Stephanie writes young adult contemporary novels and is the creator of GoTeenWriters.com. Her novels include The Reinvention of Skylar Hoyt series (Revell) and the Ellie Sweet books (Birch House Press). You can connect with her on Facebook, Twitter, Pinterest, and check out samples of her work on her author website including the free novella, Throwing Stones.
The singer wanted us in the audience to participate during the chorus of the song.
I'm excellent at listening to music. I like to sing along (if no one can hear me), but this guy wanted us to not only sing a line of the song, he wanted us to dance too. That dance all rappers seem to love where you stick your hand out and move it up and down with the beat? I was supposed to do that while singing. I can't even clap to a beat while singing.
I wanted to fold my arms over my chest and just enjoy the music, but everyone else was into it. As uncomfortable as participating made me, not participating made me even more so.
So I stuck my hand out. I sung the line. I moved my arm mechanically up and down, noticeably off rhythm.
The next time, I focused on moving my arm at the same time as the others around me. I forgot to sing until about half way through the line.
The third time, I managed both the arm movement and the lyrics, but I could feel my face heating as I wished the moment away. I knew I looked completely stupid. That the people behind me could tell I was doing a terrible job. That those next to me could see my utter lack of rhythm and grace.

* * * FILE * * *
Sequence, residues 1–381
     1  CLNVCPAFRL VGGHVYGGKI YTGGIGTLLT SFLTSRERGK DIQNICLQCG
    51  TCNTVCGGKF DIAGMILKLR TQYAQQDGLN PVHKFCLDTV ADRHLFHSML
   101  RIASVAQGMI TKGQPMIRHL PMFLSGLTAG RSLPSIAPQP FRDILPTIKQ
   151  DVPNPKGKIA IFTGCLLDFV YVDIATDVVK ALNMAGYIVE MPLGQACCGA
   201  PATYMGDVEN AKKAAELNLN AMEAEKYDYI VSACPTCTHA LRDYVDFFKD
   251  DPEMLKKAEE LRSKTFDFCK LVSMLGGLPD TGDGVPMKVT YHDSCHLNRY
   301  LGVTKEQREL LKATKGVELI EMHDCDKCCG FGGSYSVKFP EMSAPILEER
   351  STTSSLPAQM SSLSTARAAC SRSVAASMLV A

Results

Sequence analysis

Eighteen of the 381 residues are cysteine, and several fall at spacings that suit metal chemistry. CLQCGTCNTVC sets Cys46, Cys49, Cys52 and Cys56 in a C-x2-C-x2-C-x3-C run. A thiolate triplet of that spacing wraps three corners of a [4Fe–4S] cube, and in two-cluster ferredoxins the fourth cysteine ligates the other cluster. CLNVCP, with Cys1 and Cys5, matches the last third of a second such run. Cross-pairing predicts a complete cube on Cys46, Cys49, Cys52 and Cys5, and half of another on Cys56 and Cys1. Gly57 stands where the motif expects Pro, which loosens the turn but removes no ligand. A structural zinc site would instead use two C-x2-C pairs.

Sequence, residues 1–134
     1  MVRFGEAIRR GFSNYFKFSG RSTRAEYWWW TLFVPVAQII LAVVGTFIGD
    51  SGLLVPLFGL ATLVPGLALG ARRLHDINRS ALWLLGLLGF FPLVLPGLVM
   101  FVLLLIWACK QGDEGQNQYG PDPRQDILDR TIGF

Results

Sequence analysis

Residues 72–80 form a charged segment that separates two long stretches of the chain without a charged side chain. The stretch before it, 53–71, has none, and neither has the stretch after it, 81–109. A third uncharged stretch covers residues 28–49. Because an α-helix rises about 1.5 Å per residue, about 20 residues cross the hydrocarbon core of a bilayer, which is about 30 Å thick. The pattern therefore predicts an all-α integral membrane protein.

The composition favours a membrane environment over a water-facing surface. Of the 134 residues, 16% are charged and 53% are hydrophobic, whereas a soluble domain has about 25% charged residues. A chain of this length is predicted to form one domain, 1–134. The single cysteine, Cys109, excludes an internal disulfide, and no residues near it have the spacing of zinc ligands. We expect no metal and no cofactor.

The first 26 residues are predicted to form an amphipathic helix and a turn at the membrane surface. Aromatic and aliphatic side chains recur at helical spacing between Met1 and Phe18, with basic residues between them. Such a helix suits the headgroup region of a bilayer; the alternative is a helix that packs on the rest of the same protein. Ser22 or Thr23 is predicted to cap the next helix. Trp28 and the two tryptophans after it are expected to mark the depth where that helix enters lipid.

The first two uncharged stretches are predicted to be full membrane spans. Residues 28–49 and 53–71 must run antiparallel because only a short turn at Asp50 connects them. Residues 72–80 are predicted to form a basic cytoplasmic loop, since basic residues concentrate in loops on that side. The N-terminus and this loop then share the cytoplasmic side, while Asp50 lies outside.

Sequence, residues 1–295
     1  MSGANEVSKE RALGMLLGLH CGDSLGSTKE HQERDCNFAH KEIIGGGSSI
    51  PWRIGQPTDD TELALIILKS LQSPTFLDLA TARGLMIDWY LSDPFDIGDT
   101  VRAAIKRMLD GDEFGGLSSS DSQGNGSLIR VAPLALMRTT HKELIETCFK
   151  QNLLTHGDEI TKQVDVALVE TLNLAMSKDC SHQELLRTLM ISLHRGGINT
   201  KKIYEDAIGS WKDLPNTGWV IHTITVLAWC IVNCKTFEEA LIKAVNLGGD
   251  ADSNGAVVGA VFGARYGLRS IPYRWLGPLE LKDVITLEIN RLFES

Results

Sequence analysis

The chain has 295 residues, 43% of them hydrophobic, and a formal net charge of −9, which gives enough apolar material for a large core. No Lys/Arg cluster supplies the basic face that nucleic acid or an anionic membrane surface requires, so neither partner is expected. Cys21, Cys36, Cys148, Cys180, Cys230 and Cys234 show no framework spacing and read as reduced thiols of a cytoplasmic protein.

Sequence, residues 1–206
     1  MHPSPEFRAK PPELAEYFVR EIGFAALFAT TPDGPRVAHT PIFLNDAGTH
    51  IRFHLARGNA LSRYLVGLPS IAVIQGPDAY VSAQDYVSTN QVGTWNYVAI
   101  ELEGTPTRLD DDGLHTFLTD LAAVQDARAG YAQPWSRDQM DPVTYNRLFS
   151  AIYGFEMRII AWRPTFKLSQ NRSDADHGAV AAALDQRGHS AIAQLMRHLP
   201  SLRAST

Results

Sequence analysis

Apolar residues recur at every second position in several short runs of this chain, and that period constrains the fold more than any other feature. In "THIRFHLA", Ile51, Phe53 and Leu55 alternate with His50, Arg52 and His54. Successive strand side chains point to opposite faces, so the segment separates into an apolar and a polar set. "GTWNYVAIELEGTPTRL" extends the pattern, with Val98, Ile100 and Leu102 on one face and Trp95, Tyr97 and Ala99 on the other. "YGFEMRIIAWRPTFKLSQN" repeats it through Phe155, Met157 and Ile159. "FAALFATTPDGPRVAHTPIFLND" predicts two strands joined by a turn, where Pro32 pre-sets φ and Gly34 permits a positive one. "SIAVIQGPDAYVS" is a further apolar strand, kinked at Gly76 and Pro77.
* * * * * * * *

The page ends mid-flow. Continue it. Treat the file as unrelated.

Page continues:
As the rapper moved about the stage during the next verse, I relaxed and enjoyed the beat of the song, the punch of the lyrics, the pulse of the bass. My body naturally began to move in time with the music, Nothing crazy (I'm still me, of course) but a little bending of my knees, a little swaying.
The chorus returned. I begrudgingly held out my arm ... but this time it was different. This time, because the rest of my body was already moving with the beat of the song, it was easier to keep the right rhythm with the motion of my arm. And because my body was moving by instinct instead of by my command—"Now move up. Now move down."—I found I could sing too. And that I was having fun.
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When you try to bring new techniques to your manuscript, you might feel like I did that first time I tried to participate during the song. You're having to focus so hard on the mechanics of it that there's no rhythm, no fluidity. "Oh, gosh, I'm terrible," you might even think. "What if somebody actually reads this? What will my parents think?"
Good writing, like good dancing, is about more than just the mechanics. Great dancers have to know the dance steps so well that they can do them without thinking. When they've practiced steps so much that they're more like a reflex, that's when a dancer can bring the beauty, grace, and rhythm that the art requires.
What we teach you on this blog is like dance steps. Knowing them won't make you a great writer. And if you try to think about them as you create your story—I can't use that adverb ... if I write it this way it's an info dump ... I can't do that because it was on Jill's cliches list —you're never going to find any kind of rhythm.
As odd as it seems, the best thing you can do after studying the mechanics of writing is to put them out of your mind and write by feel. The more you write, you'll find yourself naturally incorporating techniques you've learned. And even if you don't, even if you get something wrong, unlike dancers we have the privilege of being able to edit. So:
Write like no one is watching. Because they aren't.
Write like you don't have to get everything right the first time. Because you don't.
And write like you already have everything you need to tell your story. Because you do.
Sure, maybe you have some research to do before you can write that battle in a believable way. Or maybe you're still finding your voice or figuring out how to write multiple narrators. I'm not saying you already have what you need to write a perfect story that will make editors fight over you. I'm saying that you won't get there until you put words on the page. And now is the perfect time to start.
Go Teen Writers will return January 4th. Enjoy your holiday!